21 simple estate) and leasehold title (term of years). Titles generally conform to one of two coexisting sets of legislation a set for private lands and a set for National Lands. Private land is covered by the Registered Land Act, which provides for land registration in compulsory registration zones; 53 or by the General Registry Act, which provides for all lands not yet adjudicated under the Registered Lands Act. National Lands are administered under the National Lands Act. Under the Registered Lands Act rights in land may be recorded as: absolute or provisional freehold title. This includes absolute title resulting from grants of National Land or prescriptive rights. A Land Certificate provides for either absolute or provisional title. leasehold title. A Certificate of Lease is granted for leases of two years or more of freehold land registered under the Registered Lands Act. easements, covenants, profits and privileges. Any easements, rights, or privileges attached to lands registered under the Registered Lands Act are noted on the record of the affected parcel(s). Under the General Registry Act rights in land may be recorded as: freehold title resulting from a First Certificate of Title. freehold title resulting from a Transfer Certificate of a title established under a First Certificate of Title. leasehold title applicable to leases of ten years or more, represented by a Certificate of Title for Term of Years. easements, covenants, profits and privileges. Any easements, rights, or privileges attached to lands registered under the General Registry Act are registered separately from the affected parcel(s), with their own Certificates of Title. 53 Belize is engaged in a nation-wide effort to survey and register all lands under the Registered Land Act. By 2001, 3,697 parcels in the Orange Walk, Cayo and Stann Creek Districts had been registered under the Registered Land Act. Parcels registered under the 1977 Land Registration Act numbered at 43,000 in 2001, and parcels contained in the General Registry included 20,000 urban parcels and 30,000 rural parcels. All of these remained to be adjudicated under the Registered Lands Act. By May 2004, more than 9,000 parcels had been registered under the Act, including almost the entire Corozal District. Figures from the Ministry of Natural Resources and the Environment, Commerce and Industry website at 15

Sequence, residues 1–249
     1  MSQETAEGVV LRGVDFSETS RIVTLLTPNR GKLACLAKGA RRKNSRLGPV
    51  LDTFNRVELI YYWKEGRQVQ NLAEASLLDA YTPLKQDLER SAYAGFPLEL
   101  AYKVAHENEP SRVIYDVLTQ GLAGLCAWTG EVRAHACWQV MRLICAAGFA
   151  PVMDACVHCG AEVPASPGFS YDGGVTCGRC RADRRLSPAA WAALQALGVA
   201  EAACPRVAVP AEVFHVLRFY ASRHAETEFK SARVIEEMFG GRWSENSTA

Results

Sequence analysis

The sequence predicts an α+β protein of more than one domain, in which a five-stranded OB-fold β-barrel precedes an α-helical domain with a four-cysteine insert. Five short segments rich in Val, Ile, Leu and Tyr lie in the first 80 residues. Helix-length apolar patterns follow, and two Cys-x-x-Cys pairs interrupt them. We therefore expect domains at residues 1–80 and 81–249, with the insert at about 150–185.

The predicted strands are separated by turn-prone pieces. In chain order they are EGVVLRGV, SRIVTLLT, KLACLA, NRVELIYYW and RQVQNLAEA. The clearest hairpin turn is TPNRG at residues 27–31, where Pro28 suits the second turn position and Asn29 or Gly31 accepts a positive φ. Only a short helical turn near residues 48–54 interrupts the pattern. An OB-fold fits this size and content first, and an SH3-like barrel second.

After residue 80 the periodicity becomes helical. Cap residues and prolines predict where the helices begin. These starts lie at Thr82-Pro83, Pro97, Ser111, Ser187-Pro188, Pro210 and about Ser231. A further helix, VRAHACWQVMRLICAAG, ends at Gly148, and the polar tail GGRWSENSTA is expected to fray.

22 In addition to the above interests in land, forms of land tenure arising from previous legislation will continue to exist until parcels registered under prior systems are transferred or adjudicated under the Registered Lands Act. These lingering forms of tenure include: any other form of freehold title where common law conveyancing has occurred. Common law conveyancing was in force until passage of the General Registry Act of 1954, and the resulting deeds remain a significant form of tenure. location tickets issued from in former Crown Lands. These are essentially at-will leases of land by the Crown. conditional freehold title in former Crown Lands. annual tenancy permits for agricultural and Indian reservations. Crown leases, designated by Minister s letter of approval. Crown land grants. These conveyances in fee simple of Crown Lands were the first form of title issued in the former British Honduras, and have been granted since Under the National Lands Act, 2000, National Lands, which are classified as town lands, suburban lands, rural lands (including pastoral), mineral lands, and beach lands, may be leased, granted, or sold. The Minister determines conditions of sale, and prospective purchasers must file an application. 54 No conveyances to alien landholders 55 are valid unless the Minister grants the alien a license. All records concerning such licenses, as well as the sale or lease of any National Land, are kept by the registrar in the National Lands Book. 56 E. Land Registration While a number of methods for recording land transactions coexist in Belize, the initiation of an aggressive Land Management Program in 2000 promises to unify the land registration system National Lands Act, 13. Id. at 47. Aliens are those who are neither citizens of Belize or the commonwealth, or companies under alien control. Under the Registered Lands Act, 2000, National Lands will also be entered in the National Registry once, under compulsory registration, they have been adjudicated. 16